Be a Text United Translator: Managing client relationships (pt. 4)

Getting a client to send you text for translation is a huge deal but that’s not the end of it. In this article you’ll learn how to meet the client’s expectations through management skills, outstanding customer service and following-through even in a crisis.

Managing accounts like a real salesperson

Big words right? This is the easiest part, because it won’t take as much interaction with clients as you’d expect. Books and blogs all around you speak of nurturing leads, giving clients free benefits, interacting with them through social media and so on. In reality, this is a desperate way to revive the lost art of direct salesmanship, which in its hay day was all about golf, whisky long flights and lasting business friendships.

Look at it this way – your client is bombarded with media buzz non-stop. Apple put a physical switch on iPhones to turn off notifications, so its users can have a moment to breathe. You’re already the candidate for the deal, so don’t blow it by showing you care too much – that’s something not many of us can actually pull off. Being in touch is important, but make sure interactions with clients are actually meaningful. Don’t write an e-mail if you have nothing to add to the conversation.

What does anything of this have to do with translations? Like it or not, but as a freelancer you are also a salesperson. You need to think like one, use tools like one, act like one. Always be closing! Here’s the scope.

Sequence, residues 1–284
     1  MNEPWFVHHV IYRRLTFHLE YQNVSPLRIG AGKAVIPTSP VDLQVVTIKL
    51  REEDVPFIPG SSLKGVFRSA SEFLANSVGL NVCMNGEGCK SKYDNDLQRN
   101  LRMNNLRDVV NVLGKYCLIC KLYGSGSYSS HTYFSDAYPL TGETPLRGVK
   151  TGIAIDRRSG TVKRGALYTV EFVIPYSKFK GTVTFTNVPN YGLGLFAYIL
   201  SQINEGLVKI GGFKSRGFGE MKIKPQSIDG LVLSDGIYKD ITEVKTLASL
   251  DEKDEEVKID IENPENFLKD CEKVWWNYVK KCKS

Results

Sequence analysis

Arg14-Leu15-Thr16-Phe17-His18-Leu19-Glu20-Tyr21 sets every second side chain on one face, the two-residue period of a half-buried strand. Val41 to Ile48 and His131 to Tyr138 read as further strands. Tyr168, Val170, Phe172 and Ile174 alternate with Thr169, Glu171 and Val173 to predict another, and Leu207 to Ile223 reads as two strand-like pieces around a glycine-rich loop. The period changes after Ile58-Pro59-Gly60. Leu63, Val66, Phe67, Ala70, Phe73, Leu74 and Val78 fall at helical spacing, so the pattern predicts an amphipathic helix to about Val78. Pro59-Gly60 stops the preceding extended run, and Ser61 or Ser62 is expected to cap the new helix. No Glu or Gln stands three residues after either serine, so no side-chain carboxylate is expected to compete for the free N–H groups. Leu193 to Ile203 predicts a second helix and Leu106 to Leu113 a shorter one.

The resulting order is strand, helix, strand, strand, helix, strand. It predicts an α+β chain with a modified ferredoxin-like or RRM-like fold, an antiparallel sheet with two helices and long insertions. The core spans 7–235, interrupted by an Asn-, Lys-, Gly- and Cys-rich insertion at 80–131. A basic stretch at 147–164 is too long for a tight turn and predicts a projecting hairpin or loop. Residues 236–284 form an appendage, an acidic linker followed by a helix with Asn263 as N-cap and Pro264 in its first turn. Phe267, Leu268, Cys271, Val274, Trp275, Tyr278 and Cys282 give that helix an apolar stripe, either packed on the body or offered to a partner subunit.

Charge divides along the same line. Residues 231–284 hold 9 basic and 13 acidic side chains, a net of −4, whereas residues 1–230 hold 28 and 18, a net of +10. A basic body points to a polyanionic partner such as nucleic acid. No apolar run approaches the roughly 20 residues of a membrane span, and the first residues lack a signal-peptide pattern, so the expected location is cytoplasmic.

Customer relationship management system. Software that’s glorified nowadays and blown out of proportion with huge, analytics-driven systems like, that’s used for keeping track of sales progress. You can build an Excel sheet with three columns for the client’s contact data, translation value and due date, and you should be fine. Google around for „CRM” and pick up a cloud-based version if you want. Just have one in place so you know who’s who!

A phone. Nothing beats a good ol’ checkup call. Use your smartphone, add clients and mark their numbers to never be silenced by your do-not-disturb mode. Client’s don’t call unless they’re under pressure, so if you meet your deadlines, they won’t ever call.

Fancy modern communication channels. Think about Skype, e-mail, Twitter, LinkedIN. There’s a lot of people, including myself, who avoid business calls on the phone because it’s so much easier to just write an e-mail. If you do get messages though, be sure to answer them fast, especially during business hours. Fast means under 30 minutes. One of our own prospects recently came back reconsidering Text United based on the speed and confidence at which we provided answers.

Integration with your CAT tool. If you don’t know what a CAT tool is and are still working split-screen on Word files you are in for a treat. These things are the bread and butter of great freelance translators and they help in both editing, formatting, keeping consistency, and delivering translations. It’s a smart thing to have source material linked directly with clients. Loose files, well, you lose them sometimes, and no client wants to resend their text. It’s an avoidable crisis, but I’ll cover that later. Work in an integrated environment like Text United, and you’ll be fine.

A schedule. Pick up a $5 calendar at a convenient store and mark due dates, then put it on your desk next to the computer. You could play around with apps like Sunrise or default calendars on your mobile devices, but I noticed that the act of writing down a deadline actually helps me meet mine. It can also get you out of those scary dinners with the in-laws if you just snap a photo of your jam-packed week and send it their way. Use colours – a real one for tasks and a fake one for those alibi days. Tell no one about this life-hack!